Blood Brothers

I had my second dose of Campath and my first dose of Fludarabine yesterday and apart from spiking a bit of a temperature and raised blood pressure briefly in the night there no reactions this time so hopefully this is how it will continue now with these two drugs for the next few days.

I had a bit of a disturbed night, I could get off to sleep but kept waking after 15 minutes or so but I got some solid sleep from 01:00 to 05:00 so I'm not feeling too tired this morning.

I was given a sheet with the plan for my treatment with the days numbered -8 , -7 etc. down to day 0 when I have my stem cell transplant, which will be Tuesday 16th September. The doctor also told me my donor actually comes from Germany rather than the UK. This was suggested as his origin months ago but then it seemed to change to UK or may I just misinterpreted what I'd heard. However since I like sauerkraut anyway it doesn't really matter if I have German rather than Cockney blood.

One thing I found intriguing is that my donor has blood group A+ where as mine is the run of the mill O+ . I read up about this on the 'net and clarified a few things with the doctor as well.

Whereas in solid organ transplants like kidneys the blood groups have to matvh as well as the tissue types, in about 30 - 40% of stem cell transplants the donor and recipient are of a different blood group.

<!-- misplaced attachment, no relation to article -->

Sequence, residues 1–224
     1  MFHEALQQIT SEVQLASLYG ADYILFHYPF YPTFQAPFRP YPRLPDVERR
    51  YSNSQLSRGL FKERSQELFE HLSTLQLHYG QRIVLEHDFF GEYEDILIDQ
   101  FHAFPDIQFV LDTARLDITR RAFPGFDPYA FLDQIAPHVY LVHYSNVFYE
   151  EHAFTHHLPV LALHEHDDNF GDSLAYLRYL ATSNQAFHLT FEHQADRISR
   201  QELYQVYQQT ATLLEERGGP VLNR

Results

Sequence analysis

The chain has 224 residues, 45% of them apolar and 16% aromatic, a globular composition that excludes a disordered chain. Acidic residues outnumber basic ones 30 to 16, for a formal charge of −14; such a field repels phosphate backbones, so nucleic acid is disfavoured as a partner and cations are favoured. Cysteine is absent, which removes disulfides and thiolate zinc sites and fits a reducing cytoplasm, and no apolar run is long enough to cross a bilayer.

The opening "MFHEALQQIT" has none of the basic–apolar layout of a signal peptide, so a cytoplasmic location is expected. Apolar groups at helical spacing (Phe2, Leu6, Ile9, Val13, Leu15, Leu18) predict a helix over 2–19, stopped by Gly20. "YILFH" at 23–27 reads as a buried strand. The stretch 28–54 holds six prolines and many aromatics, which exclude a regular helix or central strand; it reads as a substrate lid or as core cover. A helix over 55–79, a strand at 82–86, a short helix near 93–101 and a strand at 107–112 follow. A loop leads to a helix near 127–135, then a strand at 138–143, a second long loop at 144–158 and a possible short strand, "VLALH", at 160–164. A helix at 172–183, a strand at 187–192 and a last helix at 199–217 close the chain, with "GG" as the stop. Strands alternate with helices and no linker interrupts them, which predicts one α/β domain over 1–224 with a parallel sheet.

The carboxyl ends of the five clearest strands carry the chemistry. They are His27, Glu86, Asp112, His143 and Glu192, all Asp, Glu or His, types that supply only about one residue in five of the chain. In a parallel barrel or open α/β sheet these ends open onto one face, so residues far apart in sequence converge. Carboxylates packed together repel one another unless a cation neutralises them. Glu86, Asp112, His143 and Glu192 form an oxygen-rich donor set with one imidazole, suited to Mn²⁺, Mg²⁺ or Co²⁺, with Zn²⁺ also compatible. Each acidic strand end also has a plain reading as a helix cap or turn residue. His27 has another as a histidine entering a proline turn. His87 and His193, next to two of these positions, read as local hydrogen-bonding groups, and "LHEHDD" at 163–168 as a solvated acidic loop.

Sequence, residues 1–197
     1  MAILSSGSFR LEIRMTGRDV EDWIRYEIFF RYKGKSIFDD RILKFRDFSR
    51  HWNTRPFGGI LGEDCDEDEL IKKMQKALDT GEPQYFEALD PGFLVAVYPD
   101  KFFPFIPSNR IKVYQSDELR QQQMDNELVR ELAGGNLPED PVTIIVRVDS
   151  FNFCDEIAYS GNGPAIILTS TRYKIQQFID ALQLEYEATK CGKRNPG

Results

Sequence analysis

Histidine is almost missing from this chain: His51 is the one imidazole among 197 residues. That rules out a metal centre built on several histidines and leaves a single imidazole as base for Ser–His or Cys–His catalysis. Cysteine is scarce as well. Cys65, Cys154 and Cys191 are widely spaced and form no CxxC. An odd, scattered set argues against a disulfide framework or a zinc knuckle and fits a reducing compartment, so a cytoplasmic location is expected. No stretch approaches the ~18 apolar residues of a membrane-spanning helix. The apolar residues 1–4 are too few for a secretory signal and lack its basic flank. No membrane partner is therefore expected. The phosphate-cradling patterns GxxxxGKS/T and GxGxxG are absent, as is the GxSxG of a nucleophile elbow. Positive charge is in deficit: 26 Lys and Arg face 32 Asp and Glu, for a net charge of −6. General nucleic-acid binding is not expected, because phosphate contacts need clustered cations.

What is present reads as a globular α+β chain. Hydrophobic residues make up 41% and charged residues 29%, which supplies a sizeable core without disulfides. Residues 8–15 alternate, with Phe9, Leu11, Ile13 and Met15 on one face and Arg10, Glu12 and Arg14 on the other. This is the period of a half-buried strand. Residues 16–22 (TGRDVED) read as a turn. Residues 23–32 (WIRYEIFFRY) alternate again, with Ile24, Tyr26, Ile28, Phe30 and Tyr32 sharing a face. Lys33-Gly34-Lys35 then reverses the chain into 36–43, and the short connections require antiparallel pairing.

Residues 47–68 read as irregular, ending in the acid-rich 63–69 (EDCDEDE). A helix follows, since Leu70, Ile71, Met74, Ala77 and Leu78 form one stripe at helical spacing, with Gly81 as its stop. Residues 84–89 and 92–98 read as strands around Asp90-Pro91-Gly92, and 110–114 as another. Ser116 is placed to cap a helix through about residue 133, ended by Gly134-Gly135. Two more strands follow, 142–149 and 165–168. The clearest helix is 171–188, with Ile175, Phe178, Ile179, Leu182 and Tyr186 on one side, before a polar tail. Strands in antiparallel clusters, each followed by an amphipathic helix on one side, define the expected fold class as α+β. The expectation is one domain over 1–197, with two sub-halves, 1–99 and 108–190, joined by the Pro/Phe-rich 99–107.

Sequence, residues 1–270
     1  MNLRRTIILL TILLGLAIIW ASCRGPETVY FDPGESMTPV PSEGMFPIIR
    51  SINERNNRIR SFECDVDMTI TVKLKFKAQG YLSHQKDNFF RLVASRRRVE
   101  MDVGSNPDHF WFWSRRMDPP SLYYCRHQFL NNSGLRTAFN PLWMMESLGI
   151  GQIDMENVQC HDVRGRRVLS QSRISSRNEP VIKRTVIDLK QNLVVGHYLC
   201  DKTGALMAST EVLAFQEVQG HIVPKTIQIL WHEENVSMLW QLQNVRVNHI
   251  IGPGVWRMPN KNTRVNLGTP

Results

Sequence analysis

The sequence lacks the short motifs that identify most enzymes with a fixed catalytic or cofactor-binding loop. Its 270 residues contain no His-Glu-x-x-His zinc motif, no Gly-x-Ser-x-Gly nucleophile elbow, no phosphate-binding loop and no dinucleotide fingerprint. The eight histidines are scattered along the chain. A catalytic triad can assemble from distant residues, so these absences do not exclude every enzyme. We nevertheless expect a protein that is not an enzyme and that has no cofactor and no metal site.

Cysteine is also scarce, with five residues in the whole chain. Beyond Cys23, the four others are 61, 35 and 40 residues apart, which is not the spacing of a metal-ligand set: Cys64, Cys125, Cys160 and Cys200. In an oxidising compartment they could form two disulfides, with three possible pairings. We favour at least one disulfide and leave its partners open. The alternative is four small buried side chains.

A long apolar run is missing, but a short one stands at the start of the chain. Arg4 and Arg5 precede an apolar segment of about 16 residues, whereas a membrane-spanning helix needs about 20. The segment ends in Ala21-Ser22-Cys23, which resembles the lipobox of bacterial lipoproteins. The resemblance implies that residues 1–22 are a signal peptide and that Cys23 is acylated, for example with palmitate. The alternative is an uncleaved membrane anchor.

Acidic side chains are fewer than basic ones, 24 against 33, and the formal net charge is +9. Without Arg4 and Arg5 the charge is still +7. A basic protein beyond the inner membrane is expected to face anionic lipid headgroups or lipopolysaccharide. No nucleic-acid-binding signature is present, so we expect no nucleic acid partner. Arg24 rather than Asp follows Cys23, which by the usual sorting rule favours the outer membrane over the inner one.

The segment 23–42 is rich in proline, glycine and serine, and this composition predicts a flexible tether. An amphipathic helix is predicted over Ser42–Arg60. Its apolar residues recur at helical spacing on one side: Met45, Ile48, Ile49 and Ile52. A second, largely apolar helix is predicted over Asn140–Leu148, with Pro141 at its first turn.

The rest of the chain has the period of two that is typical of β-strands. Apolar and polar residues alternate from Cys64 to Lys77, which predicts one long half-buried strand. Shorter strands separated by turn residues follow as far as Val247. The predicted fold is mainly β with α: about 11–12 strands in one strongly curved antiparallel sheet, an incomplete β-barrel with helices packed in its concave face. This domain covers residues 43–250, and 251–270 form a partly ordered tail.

Over about 90 days from the transplant my blood group will change from being O+ to A+ which makes sense in that my red and white blood cells will be being made by the new stem cells from the donor and a person's blood group is determined from the proteins present on the red cells.

There are technical details of what this all means here but the main implication is that whenever I am given blood transfusions over the next few months they will always take a sample and check my blood group to see if it has changed over yet.

There can be a few complications caused by the fact that although my own stem cells will be largely destroyed by all this chemo this week there may be some still going and making blood of group O+ and more importantly antibodies against groups A and B. This can cause a reaction to my new blood group of type A called haemolysis but this should be a minor effect because the vast majority of my stem cells will be from my donor and it usually treated with a course of steroids, which as we know are wonder drugs that fix everything :o)

This is all run of the mill stuff to the doctors but to me it was pretty amazing to think that I'm going to change blood groups. I'm sure this must have come up in an episode of CSI at some point or some other crime series. If not maybe I have an idea for a script........


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